5. Re-do the system so that fast, big, regular busses run the length of Canberra’s spine while smaller busses do frequent loops from that spine to service outer areas.

this is basically what I have thought for years. if you make Parking more expencive, maybe have some speacial car pool cheaper rate car parks (but if 3 people car poll then $15 parking is only $5 each anyway).

There are systems in Other major cities where you have to change bus more often but you still end up getting to your destination sooner, this seems to be what is needed in canberra

#12
dungfungus2:29 pm, 14 Apr 12

I-filed said :

milkman said :

The homeless pull the rickshaws?

Excellent plan! Problematic though: on the one hand, would help address the obesity epidemic – but that would cost the rest of us more as thinner poor would live longer. On the other hand, if they’re worked hard, lots would probably die on the job, saving on health care costs.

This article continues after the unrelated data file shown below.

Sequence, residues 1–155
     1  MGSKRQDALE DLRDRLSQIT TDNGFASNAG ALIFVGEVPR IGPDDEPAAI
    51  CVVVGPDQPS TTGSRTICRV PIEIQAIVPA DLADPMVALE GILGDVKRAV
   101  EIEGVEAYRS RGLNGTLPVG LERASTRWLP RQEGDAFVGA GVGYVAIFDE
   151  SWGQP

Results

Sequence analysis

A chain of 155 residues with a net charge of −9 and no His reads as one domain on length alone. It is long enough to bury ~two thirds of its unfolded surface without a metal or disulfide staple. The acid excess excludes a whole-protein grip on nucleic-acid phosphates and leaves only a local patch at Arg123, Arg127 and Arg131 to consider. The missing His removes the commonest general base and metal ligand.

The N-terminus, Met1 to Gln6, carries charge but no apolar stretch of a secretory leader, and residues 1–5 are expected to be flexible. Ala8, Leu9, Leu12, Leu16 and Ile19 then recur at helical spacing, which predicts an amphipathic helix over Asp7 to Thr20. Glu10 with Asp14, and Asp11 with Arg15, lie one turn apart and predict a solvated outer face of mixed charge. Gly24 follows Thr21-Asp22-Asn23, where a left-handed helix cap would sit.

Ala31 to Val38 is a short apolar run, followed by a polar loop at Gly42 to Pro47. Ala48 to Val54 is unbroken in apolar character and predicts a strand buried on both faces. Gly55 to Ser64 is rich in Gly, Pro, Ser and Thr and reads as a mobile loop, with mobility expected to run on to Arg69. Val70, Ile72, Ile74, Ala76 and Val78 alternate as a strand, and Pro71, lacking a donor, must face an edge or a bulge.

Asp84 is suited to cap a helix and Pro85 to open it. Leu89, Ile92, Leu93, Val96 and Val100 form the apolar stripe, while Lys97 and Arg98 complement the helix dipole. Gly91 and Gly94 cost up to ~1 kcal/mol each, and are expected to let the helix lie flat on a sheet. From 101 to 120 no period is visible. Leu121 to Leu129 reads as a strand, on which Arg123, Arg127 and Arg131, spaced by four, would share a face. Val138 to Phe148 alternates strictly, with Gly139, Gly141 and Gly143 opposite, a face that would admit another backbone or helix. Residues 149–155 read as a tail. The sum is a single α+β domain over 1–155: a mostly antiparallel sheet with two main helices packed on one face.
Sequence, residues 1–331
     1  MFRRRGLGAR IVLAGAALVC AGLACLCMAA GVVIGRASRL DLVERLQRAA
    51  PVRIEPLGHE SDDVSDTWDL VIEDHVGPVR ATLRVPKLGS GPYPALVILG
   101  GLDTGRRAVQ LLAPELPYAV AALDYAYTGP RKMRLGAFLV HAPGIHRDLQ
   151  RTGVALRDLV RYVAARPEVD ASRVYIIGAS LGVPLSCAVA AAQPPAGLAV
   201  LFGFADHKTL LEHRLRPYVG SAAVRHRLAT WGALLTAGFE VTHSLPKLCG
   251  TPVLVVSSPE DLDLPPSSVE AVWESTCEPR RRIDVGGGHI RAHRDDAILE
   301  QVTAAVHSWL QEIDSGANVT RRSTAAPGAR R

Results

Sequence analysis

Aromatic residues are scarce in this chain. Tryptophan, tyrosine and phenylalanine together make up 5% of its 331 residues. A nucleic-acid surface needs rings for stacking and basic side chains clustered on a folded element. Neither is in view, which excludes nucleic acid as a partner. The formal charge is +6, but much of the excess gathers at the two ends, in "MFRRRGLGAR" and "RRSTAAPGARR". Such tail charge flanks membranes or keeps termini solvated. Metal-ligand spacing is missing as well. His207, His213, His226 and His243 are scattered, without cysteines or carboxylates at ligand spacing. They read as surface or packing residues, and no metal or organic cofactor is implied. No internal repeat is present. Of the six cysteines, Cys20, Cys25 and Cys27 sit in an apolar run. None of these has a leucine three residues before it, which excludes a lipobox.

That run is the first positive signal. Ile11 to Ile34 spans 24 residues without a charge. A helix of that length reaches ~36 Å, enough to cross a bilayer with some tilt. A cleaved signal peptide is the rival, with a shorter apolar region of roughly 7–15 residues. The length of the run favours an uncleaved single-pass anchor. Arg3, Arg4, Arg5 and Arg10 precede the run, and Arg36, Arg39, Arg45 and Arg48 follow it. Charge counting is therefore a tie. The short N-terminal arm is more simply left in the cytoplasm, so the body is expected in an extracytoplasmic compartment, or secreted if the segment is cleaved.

Also, rickshaw travel would be very slow – if you are commuting from Tuggeranong to the city it would be a two-hour ride – even with a fit young poor person pulling the rickshaw.

I thought this might develop into a serious discussion but I can now see why we have the dysfunctional public transport system we deserve.

#13
ka10426:54 pm, 14 Apr 12

dungfungus said :

arescarti42 said :

69,000 km per week isn’t that outrageous a number. That is 9857 km per day, which over ACTION’s fleet of 430 buses (say ~390 are actually in use each day), which is 25km per bus per day, or about 13km for the average bus each way from the depot to the beginning of its run, and back at the end of the day.

Short of tweaking the routes so that they start and finish closer to the depot, I would have thought the only other way to reduce dead running would be to simply have more depots.

Think: “privatising Action will solve the problem”

Dungfungus, with your past comments to this site and your dumb assed name, I have no doubt you are a Liberal party staffer. I have read Alistair Coe’s past comments in the Assembly denegating Canberra and the ACTION bus service but, typically, not telling us what the Canberra Liberals would do differently. Tell me, do the Canberra Liberal’s have a secret agenda to privatise ACTION buses and if so, what else do they plan on privatising? ACT Labor and the Greens have their policy announcements clearly displayed on their websites and their websites are being updated daily. The Canberra Liberal’s website hasn’t been updated since the last election in 2008.

#14
c_c7:00 pm, 14 Apr 12

dungfungus said :